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such a nasty woman | by maryann johanson

The Amityville Horror (review)

Axe Not

So — and this would have been around the time the 1979 Amityville Horror came out — there was this kid I went to elementary school with on Long Island, and he used to regale us with stories of the real Amityville Horror house, because he used to live on the same street, and this, in the annals of kiddom, was as good as having wielded a murderous axe himself.

Oh, and then, at the same time, there was the crazy neighbor lady who lived across the street from us, who told my mom to get our house blessed. I don’t think she ever told my mom why a blessing was required. Wondering about why a house would require a blessing is, I promise you, something that can keep a kid up at night.
Those things were way creepier and scarier than this new Amityville Horror. Much is being made of how this is brought to you by the same people who brought you 2003’s remake of The Texas Chainsaw Massacre, and that should be considered fair warning. This is just as pointless a retread, blatantly gruesome and outright gory where the original made your skin crawl with the awesome power of suggestion. There’s no black oily stuff coming up out of the toilet, no puking nuns, no staticky phone, no window slamming on a kid’s fingers. Just the same old desiccated reanimated dead people jumping out and saying Boo! like we see in absolutely everything that passes for “horror” these days.

Oh, and it’s got Ryan Reynolds wearing bloodshot contact-lens FX eyes and running around with an axe, too. At first I was thinking that I’d probably call this a parody of the original film, which is still effectively ooky today — you know, like how we’re so inured to being scared by movies that the only way to do a straightforward haunted-house flick is not to be straightforward, to play it as a joke. (If The Movies have taught us nothing else in the past 30 years, they have taught us that when your house intones “GET OUT” in a hellish moan, you get out. Set this remake in the 1970s if you want, but you still have to contend with today’s jaded audience.) How else can you, as a viewer, approach a movie in which someone as venerable and noble as Philip Baker Hall (Bruce Almighty, Dogville), as a priest, is forced to choke out a line like “Your house frightens me, Mrs. Lutz.” But as the film unspooled, I became increasingly convinced that if the film was getting laughs, it was doing so not because it intended to but because Ryan Reynolds (Blade: Trinity, Harold & Kumar Go to White Castle) is so dreadful an “actor” that the only possible human response to him is derisive guffawing.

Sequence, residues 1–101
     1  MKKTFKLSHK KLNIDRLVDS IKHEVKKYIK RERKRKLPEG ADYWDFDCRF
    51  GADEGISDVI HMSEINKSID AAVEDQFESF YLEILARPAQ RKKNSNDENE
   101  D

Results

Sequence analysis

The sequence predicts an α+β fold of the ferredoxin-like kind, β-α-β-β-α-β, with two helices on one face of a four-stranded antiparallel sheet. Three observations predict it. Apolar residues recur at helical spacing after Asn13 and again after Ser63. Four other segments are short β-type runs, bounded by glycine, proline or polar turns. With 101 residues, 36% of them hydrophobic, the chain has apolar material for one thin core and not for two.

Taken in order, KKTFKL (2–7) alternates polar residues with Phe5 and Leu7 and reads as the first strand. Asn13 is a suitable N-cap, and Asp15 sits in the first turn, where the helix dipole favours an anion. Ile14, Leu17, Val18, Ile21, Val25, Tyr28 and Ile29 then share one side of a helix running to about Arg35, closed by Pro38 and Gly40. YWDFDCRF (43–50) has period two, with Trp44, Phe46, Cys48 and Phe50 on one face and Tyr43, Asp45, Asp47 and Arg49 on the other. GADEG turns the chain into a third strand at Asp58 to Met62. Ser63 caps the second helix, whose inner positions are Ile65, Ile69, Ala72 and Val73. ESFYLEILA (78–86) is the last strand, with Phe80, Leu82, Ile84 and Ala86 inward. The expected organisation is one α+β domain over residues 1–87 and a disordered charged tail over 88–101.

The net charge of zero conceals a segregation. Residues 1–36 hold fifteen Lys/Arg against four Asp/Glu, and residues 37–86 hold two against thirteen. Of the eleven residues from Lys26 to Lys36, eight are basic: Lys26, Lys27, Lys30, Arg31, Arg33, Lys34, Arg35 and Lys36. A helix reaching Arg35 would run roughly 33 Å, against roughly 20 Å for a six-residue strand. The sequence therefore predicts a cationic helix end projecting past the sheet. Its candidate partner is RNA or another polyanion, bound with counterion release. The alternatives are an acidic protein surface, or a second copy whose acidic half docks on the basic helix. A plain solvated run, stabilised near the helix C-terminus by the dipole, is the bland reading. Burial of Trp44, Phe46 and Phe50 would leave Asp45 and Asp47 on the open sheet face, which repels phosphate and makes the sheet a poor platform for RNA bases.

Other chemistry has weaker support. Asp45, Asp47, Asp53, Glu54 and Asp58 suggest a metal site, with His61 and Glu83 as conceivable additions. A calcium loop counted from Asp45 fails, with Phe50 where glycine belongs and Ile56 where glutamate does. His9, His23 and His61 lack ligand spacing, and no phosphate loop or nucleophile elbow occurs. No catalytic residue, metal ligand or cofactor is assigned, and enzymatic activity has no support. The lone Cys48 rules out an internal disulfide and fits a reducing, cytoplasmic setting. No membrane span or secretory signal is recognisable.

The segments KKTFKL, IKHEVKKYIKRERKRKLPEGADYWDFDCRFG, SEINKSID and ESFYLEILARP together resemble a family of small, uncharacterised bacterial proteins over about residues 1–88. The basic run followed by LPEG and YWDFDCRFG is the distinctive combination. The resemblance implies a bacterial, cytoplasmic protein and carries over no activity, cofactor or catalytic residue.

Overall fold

Look, Reynolds is badly miscast to start with — his frat-boy vacancy might work, barely, as Van Wilder, but it cannot pass muster for George Lutz, suburban husband, stepfather, and mortgage holder. And behind that empty himbo stare is a lack of talent that is shocking even in an era in which style is valued over substance (not that he’s got all that much style, though, either). He simply does not appear to know how to behave like an actual adult male human being, or even how to fake it. At nearly 30 years old and the embodiment of superficial vacuousness, he’s the poster boy for how our culture has encouraged the extension of adolescence well past the point at which everyone should just grow the hell up. The multiple scenes in which his George attempts to “discipline” his stepchildren are so hilariously cringe-inducing that you can’t even liken them to a little kid trying to play at being grown up. I’ve heard more effective scolding out of the mouths of four-year-old girls chastising their dolls and teddy bears.

Melissa George (Down with Love, Mulholland Drive), who plays George’s wife, Kathy, also is laughably miscast as the mother of three kids, one of whom is 12 years old; she herself looks barely out of high school. But at least she has some acting ability that allows her to exude the appropriate maternal attitudes of frustration, anger, love, etc. Reynolds has no such fallback. George is supposed to be increasingly possessed by the evil spirit of the house, but Reynolds’s idea of what constitutes “acting” is to make his eyes goes wide in a goofy manner… that is, when he doesn’t simply let those bloodshot contacts do the job for him.

It’s enough to make you want to pick up an axe yourself and start swingin’.

MPAA: rated R for violence, disturbing images, language, brief sexuality and drug use

viewed at a semipublic screening with an audience of critics and ordinary moviegoers

official site | IMDb
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